ITANAGAR, ARUNACHAL PRADESH, February 4, 2014 (New York Times): Though the event they advertised had passed a month earlier, the neon-colored posters remained, clinging to the state capital's walls, lampposts and storefronts. On them were invitations to Indigenous Faith Day celebrations on Dec. 1, with slogans like "Culture without faith is body without soul," and, more pointedly, "Imitation of alien faith is slavery." Implicit in the slogans for the event, which began in 2011, is the idea that this northeastern state, populated mostly by tribal people, is being stripped of its distinctive religious identity as hundreds of thousands have converted to Christianity.
The trend in this sparsely populated state has accelerated exponentially over the past four decades. The 1971 census showed less than 1 percent of Arunachal Pradesh's residents called themselves Christian, but in 2001, 19 percent of the state's total population and 26 percent of the tribal population put themselves in that category. While religious data for the 2011 census hasn't been released yet, many observers say that it is likely that Christians now form a majority of the approximately 1.4 million people in the state, with some tribes almost fully converted.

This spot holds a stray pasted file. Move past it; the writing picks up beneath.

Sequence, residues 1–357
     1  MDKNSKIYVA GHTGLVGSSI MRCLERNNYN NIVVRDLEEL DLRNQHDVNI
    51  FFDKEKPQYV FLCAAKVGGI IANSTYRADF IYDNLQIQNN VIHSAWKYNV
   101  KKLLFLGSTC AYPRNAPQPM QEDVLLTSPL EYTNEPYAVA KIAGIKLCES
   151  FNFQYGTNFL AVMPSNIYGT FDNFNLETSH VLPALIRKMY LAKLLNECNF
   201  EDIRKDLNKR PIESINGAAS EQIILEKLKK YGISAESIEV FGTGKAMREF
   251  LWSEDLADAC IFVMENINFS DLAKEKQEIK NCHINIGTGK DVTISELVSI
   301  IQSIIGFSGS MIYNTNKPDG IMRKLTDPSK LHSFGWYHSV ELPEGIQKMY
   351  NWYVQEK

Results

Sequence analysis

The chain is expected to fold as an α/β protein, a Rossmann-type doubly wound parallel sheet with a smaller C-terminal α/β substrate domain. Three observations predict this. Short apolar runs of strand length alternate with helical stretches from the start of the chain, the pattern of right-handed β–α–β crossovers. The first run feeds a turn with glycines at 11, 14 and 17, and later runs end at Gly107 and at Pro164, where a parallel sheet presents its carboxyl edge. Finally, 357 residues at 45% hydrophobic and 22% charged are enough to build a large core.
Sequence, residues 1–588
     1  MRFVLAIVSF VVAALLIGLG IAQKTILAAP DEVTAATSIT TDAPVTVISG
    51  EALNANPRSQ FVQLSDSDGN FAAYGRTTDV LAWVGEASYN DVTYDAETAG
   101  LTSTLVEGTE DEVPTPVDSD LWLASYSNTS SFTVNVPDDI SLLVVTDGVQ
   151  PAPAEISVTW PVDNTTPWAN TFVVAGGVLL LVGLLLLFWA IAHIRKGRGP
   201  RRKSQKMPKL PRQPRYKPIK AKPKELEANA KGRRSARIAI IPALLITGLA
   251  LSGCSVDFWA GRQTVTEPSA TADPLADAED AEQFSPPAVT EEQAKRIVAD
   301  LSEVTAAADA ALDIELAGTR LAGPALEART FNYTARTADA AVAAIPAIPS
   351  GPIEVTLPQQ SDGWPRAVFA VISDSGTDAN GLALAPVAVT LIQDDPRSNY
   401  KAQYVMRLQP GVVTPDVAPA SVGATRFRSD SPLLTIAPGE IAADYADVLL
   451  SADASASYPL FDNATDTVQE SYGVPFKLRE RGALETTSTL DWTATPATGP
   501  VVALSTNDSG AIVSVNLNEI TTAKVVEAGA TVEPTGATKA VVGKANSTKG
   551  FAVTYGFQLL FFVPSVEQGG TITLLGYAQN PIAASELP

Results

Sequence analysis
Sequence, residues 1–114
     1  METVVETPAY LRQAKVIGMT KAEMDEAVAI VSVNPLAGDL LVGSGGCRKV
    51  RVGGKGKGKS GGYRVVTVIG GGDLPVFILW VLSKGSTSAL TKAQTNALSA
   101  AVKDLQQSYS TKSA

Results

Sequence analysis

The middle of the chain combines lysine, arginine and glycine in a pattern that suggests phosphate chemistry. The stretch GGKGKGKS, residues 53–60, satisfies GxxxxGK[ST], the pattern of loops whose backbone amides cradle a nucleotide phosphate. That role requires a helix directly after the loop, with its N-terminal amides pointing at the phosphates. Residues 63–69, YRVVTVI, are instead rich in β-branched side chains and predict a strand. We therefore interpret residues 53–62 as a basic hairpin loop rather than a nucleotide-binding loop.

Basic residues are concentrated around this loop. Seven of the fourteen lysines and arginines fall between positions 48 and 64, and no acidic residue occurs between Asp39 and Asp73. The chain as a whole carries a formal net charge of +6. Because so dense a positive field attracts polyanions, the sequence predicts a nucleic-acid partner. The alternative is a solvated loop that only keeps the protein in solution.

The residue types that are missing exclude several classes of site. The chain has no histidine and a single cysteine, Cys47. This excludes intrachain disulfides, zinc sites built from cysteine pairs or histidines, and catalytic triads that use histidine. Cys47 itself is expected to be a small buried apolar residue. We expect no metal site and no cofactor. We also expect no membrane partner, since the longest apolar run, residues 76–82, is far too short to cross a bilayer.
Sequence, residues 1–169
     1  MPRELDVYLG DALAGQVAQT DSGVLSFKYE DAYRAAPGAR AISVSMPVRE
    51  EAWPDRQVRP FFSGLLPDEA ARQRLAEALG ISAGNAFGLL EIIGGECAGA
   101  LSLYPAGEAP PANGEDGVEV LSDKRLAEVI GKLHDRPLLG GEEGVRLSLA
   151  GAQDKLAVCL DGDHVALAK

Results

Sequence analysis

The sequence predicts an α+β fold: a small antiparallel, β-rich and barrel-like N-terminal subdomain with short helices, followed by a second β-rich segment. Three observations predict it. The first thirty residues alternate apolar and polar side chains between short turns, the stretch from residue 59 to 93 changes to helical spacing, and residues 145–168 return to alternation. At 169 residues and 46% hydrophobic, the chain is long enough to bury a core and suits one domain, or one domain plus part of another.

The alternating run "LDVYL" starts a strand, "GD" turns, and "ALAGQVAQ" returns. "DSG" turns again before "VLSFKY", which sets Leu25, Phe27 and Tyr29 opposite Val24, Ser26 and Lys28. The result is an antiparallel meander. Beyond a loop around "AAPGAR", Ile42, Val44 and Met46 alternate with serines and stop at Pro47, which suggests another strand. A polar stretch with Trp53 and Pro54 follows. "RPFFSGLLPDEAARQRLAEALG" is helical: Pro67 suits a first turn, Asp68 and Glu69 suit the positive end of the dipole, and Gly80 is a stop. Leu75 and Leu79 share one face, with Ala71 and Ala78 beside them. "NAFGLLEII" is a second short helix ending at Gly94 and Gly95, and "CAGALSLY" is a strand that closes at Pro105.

In the 1980s and earlier, barely any convents or Christian institutions existed in Arunachal as missionary work was, as it still is, outlawed under the Freedom of Indigenous Faith Act of 1978. These days, in spite of the law, Christian schools, hospitals and churches abound, particularly in central Arunachal, where the state's most populous and powerful tribe, the Nyishis, live.
Nani Bath, a professor of political science at Rajiv Gandhi University near Itanagar, said many tribals converted out of a desire to be modern, since Christianity was often seen in the same boat as modernity.
"See, at these churches, you'd have guys playing guitar and pretty girls singing in English, and no one was allowed to drink, which was very rampant both then and now in this state," he said.
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